The splits that I made in July had at most 1 frame of honey left and were making the best of the candy boards that I put on in the Fall.

I reversed the boxes on the rest of them, made sure each hive had at least 2 capped honey frames and plenty of candy board left and added fresh patties. I also swapped the weakest and the strongest hive positions in order to equalize the populations.

Thursday, March 10, 2016

What Is Going On In Maria's Apiary: Time for Pollen Patties

One of my July splits after driving the bees down
to make space for the pollen patty
I checked the hives and added pollen patties on 3/8/2016. The honey bee hives are looking great. The clusters are good and I have 9 out of 9 hives make it through the winter.

This weekend is going to be time for housekeeping in the apiary. Time to clean the bottom boards and reverse the boxes. Looks like Spring time is here :D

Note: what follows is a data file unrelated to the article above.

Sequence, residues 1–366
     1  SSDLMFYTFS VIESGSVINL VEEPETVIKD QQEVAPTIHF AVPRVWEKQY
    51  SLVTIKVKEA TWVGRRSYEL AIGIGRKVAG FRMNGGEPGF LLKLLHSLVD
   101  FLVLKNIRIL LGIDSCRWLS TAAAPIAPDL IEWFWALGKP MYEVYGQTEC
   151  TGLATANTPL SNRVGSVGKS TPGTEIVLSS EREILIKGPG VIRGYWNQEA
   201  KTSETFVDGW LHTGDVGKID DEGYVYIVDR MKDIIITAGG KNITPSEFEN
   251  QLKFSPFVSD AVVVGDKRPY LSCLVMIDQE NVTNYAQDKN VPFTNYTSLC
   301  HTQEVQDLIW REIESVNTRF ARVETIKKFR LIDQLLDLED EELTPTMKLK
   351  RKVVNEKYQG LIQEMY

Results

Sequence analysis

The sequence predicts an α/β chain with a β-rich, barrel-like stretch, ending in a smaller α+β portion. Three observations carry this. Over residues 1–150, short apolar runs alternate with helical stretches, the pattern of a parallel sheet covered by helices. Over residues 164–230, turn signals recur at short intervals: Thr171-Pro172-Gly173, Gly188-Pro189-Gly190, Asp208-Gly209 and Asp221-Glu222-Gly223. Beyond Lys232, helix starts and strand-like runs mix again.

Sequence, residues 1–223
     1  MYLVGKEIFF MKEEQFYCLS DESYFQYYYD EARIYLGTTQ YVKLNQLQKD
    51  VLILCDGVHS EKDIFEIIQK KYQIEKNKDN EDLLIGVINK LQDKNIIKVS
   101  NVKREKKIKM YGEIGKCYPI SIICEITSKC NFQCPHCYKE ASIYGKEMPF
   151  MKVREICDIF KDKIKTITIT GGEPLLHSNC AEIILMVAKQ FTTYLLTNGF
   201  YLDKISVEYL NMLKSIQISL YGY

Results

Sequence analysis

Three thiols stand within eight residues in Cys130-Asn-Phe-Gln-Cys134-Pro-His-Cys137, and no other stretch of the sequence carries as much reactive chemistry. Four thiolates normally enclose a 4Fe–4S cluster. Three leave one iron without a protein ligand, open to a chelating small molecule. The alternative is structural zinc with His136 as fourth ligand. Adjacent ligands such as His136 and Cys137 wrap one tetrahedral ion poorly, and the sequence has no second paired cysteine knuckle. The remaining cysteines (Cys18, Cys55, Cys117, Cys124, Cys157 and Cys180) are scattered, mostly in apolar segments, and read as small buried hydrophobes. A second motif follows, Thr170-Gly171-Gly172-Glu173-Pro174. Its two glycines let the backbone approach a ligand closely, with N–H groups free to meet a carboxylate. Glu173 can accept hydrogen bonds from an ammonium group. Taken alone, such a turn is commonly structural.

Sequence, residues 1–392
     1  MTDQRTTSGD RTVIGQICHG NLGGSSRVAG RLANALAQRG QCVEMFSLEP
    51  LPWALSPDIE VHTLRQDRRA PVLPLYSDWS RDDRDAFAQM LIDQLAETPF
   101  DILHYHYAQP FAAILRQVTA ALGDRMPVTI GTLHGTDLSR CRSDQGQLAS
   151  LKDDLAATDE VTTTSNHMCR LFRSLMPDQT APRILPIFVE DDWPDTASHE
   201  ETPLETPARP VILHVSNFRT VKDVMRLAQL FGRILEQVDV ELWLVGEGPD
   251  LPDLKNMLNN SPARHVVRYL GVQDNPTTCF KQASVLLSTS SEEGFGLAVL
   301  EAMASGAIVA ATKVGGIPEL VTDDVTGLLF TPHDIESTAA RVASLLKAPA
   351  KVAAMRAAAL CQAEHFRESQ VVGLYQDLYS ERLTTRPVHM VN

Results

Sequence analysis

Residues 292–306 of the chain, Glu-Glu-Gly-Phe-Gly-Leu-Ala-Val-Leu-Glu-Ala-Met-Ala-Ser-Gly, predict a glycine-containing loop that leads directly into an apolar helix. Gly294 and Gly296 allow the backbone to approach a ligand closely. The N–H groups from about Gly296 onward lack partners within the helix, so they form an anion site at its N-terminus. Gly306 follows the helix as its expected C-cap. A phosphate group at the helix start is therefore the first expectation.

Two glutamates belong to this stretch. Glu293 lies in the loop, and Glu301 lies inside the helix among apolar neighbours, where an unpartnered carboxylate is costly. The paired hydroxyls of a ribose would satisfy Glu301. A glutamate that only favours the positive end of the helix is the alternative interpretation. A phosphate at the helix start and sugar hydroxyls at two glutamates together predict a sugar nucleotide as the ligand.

Tuesday, December 15, 2015

Winter Bee Mites Treatment - Oxalic Acid Dribble


Varroa mite on a nurse bee
Warm winters are hard on honey bee hives. Instead of staying clustered, honey bees send out foragers any time the weather is warm enough for flight. This reduces the life span of the winter bees and quickly uses up colony resources. The colony might end up raising brood well into late fall and winter to replace foragers.

A prolonged and mild winter can play havoc with the varroa mite numbers within a honey bee colony.

The last few winters in Northwest Ohio came hard and fast. We did not get a reprieve until Spring time. This year, I had the perfect opportunity to try Randy Oliver's (Scientific Beekeeping) recommended winter mite treatment - an oxalic acid dribble.

I read through his power point presentation. Then I used the Oxalic Acid Treatment Table and made the 1 L batch that treats about 20 colonies. I used a handheld 2 gallon sprayer